Monthly Archives: February 2019

“The Yellow Wallpaper”

How would you compare the voice and the situation of the narrator in “The Yellow Wallpaper” to the voice and situation of the obsessed narrators in the Poe stories we read?  How, if at all, does the introduction of medical professionals affect your reading when compared to other stories we’ve read?

Poe, Hawthorne, and Monomania

Among the Poe and Hawthorne stories we read this week, which one did you find disturbing and why? If you found none of them at all disturbing, why didn’t you, since to unsettle seems to be at least part of their intent? All of them call upon the 19th-century concept of monomania, but how is Hawthorne’s “Wakefield” different from Poe’s “Berenice” or “Ligeia” in its portrayal of it? You don’t, of course, need to address all of these questions in your brief post.


What, if anything, do Hawthorne’s protagonists have in common when it comes to their seemingly strange behavior and beliefs? How is their vision of the world determined by their beliefs and how do others in the world see them?


Would you say the narrator is sympathetic to Bartleby? Does he think of himself as sympathetic, or in some other way? What is a particular moment in the story that drives your thinking about his reaction to the scrivener?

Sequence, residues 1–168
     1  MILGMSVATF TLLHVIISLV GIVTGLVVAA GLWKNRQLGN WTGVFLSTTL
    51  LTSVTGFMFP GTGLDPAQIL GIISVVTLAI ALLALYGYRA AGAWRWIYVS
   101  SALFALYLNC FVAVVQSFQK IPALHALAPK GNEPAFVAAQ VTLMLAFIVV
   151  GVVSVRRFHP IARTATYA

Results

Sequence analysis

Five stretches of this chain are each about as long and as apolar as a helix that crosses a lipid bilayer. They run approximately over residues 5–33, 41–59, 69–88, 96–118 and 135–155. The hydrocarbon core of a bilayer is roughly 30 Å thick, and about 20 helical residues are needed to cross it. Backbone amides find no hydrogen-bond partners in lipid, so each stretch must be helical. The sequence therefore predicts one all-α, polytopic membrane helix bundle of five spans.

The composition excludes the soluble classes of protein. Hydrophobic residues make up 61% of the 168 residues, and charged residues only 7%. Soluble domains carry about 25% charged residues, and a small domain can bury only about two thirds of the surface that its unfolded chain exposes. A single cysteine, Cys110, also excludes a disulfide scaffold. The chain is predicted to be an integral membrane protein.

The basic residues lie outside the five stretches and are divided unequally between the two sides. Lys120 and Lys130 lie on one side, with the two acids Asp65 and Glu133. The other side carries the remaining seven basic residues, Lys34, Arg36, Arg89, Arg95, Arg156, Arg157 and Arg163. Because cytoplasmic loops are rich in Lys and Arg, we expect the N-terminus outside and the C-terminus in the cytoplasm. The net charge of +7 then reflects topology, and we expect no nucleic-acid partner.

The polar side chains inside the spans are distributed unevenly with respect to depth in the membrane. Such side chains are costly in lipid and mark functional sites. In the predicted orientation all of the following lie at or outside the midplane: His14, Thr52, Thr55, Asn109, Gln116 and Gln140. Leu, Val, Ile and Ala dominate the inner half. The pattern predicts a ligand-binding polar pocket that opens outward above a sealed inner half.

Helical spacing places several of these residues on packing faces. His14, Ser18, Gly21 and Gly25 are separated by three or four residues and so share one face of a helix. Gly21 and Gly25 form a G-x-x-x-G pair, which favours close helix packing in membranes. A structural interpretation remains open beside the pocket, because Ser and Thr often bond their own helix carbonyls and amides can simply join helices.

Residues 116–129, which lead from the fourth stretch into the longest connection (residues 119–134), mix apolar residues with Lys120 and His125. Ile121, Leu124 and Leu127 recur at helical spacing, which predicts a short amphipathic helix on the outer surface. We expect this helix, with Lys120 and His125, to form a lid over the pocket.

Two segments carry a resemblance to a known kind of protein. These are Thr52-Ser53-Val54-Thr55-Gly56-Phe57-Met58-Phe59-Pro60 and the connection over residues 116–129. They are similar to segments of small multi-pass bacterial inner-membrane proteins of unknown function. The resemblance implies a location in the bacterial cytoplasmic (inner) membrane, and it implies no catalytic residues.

Course Description

What constitutes a pathological response to the pressures of modernity? How do pathological protagonists drive readers toward the precariousness of their own physical and mental health? The readings for this class center on the provisional nature of sanity and the challenges to bodily health in a world of modern commerce, media, and medical diagnoses. We will begin with 19th century texts and their engagement with seemingly “diseased” responses to urbanization, new forms of work, and new structures of the family and end with contemporary fictional psychopaths engaged in attacks on the world of images we inhabit in the present. Nineteenth century texts will likely include stories by Edgar Allan Poe, Nathaniel Hawthorne, Herman Melville, and Charlotte Perkins Gilman. Later 20th-century works will likely include Ken Kesey, One Flew Over the Cuckoo’s Nest, Thomas Harris, The Silence of the Lambs, Susanna Kaysen, Girl, Interrupted, and Bret Easton Ellis, American Psycho.